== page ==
North Atlantic Fleet Squadron Bulletin No. 20
U. S. Flagship New York. Off Santiago de Cuba, Cuba.
SATURDAY, JULY 2, 1898.
THE day was chiefly marked by a very animated bombardment in the morning by the fleet, beginning at 5.49 and lasting until 7.45. The ships were, beginning at the eastward, the Gloucester, New York, Newark, Indiana, Oregon, Iowa, Massachusetts, <Texas>, Brooklyn, <<Suwanee and>> Vixen. It was specially desired to fire at the Punta Gorda Battery and particular attention after silencing the batteries was paid to this point by the battleships which were directed close to the entrance.
The Morro suffered very severely, being extensively damaged on the South. East. corner. The flagstaff was shot away, it was thought by the Oregon, though the Indiana may have a claim to the exploit, both being close under the Castle at the time. The bombardment was with a view to demonstrate at the same time the Army attacked, but the proposed assault was not made.
The Chief of Staff paid a visit to Sibouney with a view to arranging for a consultation between the Commander-in-Chief of the Fleet and the Commanding General, and while there saw some 200 prisoners brought in. Perhaps three-fourths were Cubans, being of those known as Mobilzados, but all Spaniards and Cubans showed emaciation from want of food. They were in pitiable plight in every way.
Some 400 wounded of our Army men were in the improvised hospitals (tents) near the beach.
Lieutenant Young arrived in the Hist. This vessel, with the Hornet and Wompatuck, had had a very lively fight at Manzanillo with the Spanish gunboats at that point, and one off Neguero Bay near there; this latter was apparently beached and blown up. The three vessels entered Manzanillo Bay and found five or six armed vessels at anchor and soldiers at many points ashore; one gunboat was reputed blown up in the Bay. The Hornet had a shot through her steam-pipe and had to be towed out by the Wompatuck. She returned here, however, under her own steam. Though subjected to a very heavy fire there were no casualties from this, the only injuries to the men being the scalding of F. Madsen, S. Bakker, and P. Griffin, of the Engineer force aboard the Hornet.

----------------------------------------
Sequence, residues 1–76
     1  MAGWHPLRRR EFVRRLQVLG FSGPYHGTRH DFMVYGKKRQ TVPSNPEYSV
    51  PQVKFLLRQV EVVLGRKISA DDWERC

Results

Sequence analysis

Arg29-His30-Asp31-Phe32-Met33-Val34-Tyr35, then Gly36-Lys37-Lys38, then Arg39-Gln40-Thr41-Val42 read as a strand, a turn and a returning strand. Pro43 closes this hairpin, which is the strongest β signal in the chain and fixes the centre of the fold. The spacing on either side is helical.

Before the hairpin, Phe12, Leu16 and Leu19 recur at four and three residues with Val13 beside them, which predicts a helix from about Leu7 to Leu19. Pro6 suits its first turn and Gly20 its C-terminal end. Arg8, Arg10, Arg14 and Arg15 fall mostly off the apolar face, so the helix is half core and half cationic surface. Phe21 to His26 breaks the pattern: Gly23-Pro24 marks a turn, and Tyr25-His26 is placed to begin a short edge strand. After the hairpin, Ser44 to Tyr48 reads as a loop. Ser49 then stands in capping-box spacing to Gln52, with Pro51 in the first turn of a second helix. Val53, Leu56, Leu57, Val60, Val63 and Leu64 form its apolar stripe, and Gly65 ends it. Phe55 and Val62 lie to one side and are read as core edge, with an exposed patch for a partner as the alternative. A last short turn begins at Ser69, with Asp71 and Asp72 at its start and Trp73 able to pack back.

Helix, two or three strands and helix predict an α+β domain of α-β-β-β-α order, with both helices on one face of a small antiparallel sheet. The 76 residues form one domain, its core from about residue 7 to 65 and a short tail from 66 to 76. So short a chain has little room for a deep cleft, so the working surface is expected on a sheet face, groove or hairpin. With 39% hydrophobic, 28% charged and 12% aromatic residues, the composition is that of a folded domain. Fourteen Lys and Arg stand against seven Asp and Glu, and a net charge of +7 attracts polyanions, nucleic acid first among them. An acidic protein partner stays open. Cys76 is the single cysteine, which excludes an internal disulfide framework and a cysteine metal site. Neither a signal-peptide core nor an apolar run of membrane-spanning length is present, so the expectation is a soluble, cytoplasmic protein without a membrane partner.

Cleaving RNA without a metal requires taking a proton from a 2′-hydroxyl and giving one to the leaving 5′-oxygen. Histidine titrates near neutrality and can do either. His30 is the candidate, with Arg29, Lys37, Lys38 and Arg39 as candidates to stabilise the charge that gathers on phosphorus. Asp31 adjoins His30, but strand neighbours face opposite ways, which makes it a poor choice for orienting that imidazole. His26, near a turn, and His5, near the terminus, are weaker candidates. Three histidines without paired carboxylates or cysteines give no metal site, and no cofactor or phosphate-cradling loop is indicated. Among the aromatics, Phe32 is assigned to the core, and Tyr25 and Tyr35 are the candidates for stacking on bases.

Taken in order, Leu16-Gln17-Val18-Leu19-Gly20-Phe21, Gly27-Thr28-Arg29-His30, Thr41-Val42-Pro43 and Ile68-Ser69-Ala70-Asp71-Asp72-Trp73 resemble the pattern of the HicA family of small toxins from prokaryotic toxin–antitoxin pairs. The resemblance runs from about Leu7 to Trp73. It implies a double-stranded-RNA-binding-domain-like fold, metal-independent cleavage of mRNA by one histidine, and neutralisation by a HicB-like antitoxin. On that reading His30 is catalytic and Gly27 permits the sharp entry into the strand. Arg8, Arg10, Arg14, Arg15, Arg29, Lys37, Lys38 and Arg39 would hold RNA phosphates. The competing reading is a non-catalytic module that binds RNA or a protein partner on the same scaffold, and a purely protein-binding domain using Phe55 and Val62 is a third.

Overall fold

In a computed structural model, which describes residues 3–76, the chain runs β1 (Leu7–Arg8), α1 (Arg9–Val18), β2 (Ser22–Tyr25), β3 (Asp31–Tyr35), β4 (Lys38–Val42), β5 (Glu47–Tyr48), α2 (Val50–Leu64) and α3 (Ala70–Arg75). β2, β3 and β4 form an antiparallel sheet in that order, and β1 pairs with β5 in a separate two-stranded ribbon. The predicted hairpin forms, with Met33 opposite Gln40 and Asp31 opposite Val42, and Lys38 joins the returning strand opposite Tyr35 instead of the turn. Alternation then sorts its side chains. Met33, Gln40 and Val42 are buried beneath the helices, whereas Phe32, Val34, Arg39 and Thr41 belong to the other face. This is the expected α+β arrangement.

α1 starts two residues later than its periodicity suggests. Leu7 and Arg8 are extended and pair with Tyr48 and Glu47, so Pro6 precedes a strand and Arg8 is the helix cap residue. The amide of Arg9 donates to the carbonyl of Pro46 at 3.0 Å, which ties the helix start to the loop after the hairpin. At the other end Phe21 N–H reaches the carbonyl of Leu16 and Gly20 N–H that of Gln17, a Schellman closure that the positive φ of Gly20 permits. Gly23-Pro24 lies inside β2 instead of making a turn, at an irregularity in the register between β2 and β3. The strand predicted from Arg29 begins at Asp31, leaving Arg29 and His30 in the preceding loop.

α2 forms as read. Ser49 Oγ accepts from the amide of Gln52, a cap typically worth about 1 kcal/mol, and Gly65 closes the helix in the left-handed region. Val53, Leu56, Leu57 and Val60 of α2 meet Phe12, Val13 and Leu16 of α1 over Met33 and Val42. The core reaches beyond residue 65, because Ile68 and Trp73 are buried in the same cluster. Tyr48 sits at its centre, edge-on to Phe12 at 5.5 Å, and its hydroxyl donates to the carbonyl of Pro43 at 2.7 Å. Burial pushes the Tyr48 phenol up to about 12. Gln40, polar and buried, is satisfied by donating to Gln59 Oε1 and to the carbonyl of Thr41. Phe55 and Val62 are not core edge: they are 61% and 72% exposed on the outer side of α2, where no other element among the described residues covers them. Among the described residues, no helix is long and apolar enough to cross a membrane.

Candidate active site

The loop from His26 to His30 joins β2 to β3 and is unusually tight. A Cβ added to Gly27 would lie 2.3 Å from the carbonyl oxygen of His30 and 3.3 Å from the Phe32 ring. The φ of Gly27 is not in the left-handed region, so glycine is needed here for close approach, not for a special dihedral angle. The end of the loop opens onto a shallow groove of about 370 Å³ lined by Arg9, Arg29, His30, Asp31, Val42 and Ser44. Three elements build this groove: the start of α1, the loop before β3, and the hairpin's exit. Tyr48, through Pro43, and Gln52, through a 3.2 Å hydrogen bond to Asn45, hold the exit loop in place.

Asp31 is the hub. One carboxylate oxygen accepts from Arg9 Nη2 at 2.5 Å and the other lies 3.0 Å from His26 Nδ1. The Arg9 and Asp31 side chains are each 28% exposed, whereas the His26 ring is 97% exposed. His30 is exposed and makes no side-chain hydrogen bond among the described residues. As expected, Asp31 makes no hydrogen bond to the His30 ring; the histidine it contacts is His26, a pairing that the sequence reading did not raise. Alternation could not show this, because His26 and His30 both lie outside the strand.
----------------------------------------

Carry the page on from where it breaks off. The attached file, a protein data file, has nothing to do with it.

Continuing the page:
The Hornet captured the small steamer Benito Estenger, leaving Manzanillo and two schooners loaded with provisions and attempting to run the blockade.
<<The Newark, with the broad pennant of Commodore Watson, left for Guantanamo for coal and repairs to gun mounts.>>
Source Note: Printed, DNA, RG 313, Entry 56. This bulletin was produced on a printing press on New York (the flagship of RAdm. William T. Sampson’s North Atlantic fleet) and was distributed to the vessels. It is listed as number 20 in, Squadron Bulletins, 38-40. The word in single angle brackets was a handwritten addition. The words in double angle brackets were taken from the printed version of this bulletin.